Breaking The Stigma: Race Horses Coming Off The Track
When you hear racehorse the first thing you think off the cuff is speed, but is that reality? The stigma is that they are "out-of-control," "hot-headed," and "only have one gear." But is that true?
My name is Michelle Fleming and I'm this week's guest blogger for GoHorse.com. I'm 26 years old and living in Oklahoma. I have managed a racehorse breeding facility, Wright Farms, for the past 6 years, that breeds Paint and Quarter horses for the racing industry. I am also a barrel racer, photographer, and a part-time administrative assistant in a general construction office. I manage 5 different Facebook pages and I'm proudly part of the APHA Racing Committee. Most importantly, a mother of one sweet little boy.
I currently have two 3-year-old off the track horses in training. I want to help educate you on buying an off the track race horse. My personal experience will help you transition them from the track to their new job, easier. There are a lot and I mean a lot of great horses out there for sale. When you’re shopping for your next prospect what is most important to you? Conformation? Breeding? Color? Personality? The training they may already have? I personally look at conformation and personality. Confirmation is a given, I want a horse that is well balanced with good bone. I want him to last with as little maintenance as possible. Looking for one with personality sounds silly, but I love a horse that is confident with himself. One that knows he can do his job and do it well. When I am looking for my next horse I go to our racehorse trainers’ barn because I probably have a horse I like in mind, but I also go because I know I can get an extremely well-bred horse that’s been handled for a lesser price tag.
I always hear “those crazy racehorses” or “they’re all lame”. That’s absolutely not true for MOST! I sell a lot of horses just over Facebook and the phone. Don’t completely rely on pictures of the horses and how beautiful and fit they are. Fitting a racehorse can take a lot of feed, hay, and supplements. Unless you feed them like a racehorse trainer, most likely they won’t stay looking that fit. Ask for video and don’t be surprised if you get one of them bucking and playing on the walker or in the round pen. I love those videos. It shows the horse feels good and most likely doesn’t have a lameness issue and wasn’t given a sedative for the video. When buying a racehorse here are some tips that will help you in the long run:
Ask the trainer questions about the horse, but don't be vague.
Trainers are often super busy and if you ask a vague question, you will likely get a vague answer. Ask them things like “does the horse buck when saddled in the paddock?”, “Does he settle in well after being hauled?”, “Does he crib?”, “Has he ever been sore or had any time off?”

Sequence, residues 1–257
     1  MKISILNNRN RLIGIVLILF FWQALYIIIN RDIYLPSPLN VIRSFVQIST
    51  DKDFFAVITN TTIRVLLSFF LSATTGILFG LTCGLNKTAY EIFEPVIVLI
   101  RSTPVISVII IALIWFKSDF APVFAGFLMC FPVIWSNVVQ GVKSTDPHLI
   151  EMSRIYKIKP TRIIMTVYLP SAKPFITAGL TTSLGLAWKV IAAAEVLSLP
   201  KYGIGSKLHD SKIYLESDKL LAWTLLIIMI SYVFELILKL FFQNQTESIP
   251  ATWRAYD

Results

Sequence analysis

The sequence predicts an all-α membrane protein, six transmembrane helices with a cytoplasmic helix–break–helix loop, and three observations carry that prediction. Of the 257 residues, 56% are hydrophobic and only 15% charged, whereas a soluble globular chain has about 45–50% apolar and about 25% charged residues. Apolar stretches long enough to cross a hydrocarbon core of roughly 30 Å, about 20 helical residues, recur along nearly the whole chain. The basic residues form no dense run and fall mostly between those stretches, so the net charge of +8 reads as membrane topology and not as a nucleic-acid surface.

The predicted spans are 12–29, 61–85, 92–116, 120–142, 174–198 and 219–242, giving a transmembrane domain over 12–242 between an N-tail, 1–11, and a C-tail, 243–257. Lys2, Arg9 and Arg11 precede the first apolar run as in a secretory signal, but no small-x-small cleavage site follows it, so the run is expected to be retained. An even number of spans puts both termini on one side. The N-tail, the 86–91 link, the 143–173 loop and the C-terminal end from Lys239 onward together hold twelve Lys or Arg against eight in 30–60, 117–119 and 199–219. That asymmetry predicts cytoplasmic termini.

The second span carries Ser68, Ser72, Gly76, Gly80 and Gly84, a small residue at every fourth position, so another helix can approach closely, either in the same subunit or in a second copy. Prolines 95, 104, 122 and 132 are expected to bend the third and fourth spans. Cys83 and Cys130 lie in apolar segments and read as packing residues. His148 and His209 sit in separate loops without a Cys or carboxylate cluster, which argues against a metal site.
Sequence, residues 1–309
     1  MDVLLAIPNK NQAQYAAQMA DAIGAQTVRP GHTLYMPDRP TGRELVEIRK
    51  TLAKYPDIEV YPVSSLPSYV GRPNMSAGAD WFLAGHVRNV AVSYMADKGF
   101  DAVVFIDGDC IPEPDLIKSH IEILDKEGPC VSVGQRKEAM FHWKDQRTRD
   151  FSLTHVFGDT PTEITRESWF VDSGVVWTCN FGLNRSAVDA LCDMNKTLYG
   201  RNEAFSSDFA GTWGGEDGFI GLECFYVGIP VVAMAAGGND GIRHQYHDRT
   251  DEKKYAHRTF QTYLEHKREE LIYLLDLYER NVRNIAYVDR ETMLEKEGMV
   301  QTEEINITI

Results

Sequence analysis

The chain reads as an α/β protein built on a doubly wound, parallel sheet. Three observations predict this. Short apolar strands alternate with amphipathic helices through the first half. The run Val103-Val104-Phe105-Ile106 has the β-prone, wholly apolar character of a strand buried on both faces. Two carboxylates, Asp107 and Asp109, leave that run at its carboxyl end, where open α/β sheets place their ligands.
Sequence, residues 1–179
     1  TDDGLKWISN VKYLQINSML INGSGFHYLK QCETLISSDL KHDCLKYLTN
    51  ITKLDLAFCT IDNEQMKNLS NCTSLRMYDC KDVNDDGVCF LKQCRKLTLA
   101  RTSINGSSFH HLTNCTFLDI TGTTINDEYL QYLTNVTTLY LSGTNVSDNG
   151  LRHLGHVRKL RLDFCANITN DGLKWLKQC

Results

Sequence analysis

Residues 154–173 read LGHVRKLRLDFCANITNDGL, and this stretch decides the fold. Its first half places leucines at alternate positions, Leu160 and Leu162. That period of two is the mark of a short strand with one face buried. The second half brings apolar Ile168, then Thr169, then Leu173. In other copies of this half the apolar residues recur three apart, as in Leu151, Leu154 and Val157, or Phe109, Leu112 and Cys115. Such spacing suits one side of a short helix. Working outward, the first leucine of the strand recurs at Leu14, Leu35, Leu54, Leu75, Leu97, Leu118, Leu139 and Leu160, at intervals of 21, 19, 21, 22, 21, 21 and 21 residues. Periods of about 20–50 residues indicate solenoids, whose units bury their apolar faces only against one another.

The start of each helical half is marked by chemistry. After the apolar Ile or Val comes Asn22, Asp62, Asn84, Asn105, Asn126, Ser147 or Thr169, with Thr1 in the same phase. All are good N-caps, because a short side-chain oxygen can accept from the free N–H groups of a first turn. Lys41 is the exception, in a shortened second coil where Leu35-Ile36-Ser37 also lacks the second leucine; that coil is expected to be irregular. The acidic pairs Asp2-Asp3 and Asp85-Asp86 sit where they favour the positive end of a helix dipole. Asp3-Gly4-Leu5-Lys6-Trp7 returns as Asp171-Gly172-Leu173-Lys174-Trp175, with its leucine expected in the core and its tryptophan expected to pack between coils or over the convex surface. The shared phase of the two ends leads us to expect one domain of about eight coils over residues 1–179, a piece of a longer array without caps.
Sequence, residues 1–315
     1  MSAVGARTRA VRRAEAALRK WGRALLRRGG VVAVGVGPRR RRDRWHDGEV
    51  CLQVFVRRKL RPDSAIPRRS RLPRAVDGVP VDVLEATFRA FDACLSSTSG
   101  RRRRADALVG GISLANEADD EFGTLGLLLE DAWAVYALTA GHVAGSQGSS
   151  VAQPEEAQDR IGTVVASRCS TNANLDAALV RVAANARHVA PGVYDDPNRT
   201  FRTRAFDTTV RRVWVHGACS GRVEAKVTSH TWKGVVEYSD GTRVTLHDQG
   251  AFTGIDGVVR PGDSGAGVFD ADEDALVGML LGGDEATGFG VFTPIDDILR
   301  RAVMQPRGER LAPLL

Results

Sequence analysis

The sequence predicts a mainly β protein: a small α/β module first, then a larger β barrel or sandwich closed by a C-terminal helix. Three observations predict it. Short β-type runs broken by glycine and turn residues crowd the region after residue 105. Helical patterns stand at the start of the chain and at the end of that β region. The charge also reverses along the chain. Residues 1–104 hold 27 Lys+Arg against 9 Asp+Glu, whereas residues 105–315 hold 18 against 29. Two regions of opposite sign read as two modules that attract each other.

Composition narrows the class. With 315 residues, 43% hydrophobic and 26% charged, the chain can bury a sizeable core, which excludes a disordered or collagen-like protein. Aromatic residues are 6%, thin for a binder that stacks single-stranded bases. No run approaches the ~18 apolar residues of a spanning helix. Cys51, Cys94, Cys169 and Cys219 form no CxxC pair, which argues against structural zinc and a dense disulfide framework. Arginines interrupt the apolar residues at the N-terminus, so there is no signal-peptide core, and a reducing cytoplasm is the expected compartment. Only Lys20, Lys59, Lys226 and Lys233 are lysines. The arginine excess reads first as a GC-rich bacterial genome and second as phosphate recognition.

Get a vet check, and make sure the horse is healthy.
Usually, there is a vet already going to the training barn, so you don’t have to worry about having the horse hauled somewhere if you aren’t in the area.
Look up their race records.
This is very easy to do and you can see their speed index, starts, money earned, charts, etc. I use Equibase when I am looking up information. I am always asked the question, “why are you selling it?” One thing to remember is that most owners and trainers are in the racehorse business. They aren’t in the business of training a barrel horse or getting one broke. When they decide to sell it doesn’t necessarily mean anything is wrong with the horse.
Don’t shy away from the price tag and don’t be afraid to make an offer!
We price our horses a little higher because if we price them to cheap people think there is something wrong with them. We will usually take a reasonable offer.
I want to discuss the term “Track Broke Only”. I use this term a lot when I sell a horse and I always get asked what it means. Track Broke Only means the horse is broke to flat tack, a jockey, a pony horse, the gates and to run 350 yards (in most cases). When I explain this to people it usually turns them away from the horse because you know those “crazy racehorses”. It absolutely does not mean that when you put a stock (western) saddle on them they are going to blow up and be a bronc. I would say that 80% of the horses I bring home don’t buck in a stock saddle and I can climb right on after lunging them. Most will stand tied and stand for a farrier, no problem. Something to always take into consideration is that racehorses are trained to run through the bit. I like to start them in a halter and teach them to move off leg pressure instead of running through my hands. Starting them in a halter lets them sort of forget about the bit and what it meant in their old job. A racehorses life is go, go, go, they don’t know what standstill is, even if they will stand tied they may pace or paw. They don’t know what it means to walk in a straight circle around the round pen. Most don’t even know how to walk off with someone on them without being next to a pony horse. Start with small circles and make them bigger with each circle.
I hope this helps you consider buying an off the track horse or helps you in the starting process if you have already purchased one and are feeling a little stuck. Always keep in mind what they did at the race track and use that in your training to make the transition easier for you both. Buying a horse off the track is really something you should consider. They are great for all disciplines and already have a concept of what it means to have a job and be handled every day. With training and time, I know they will take you to the pay window.
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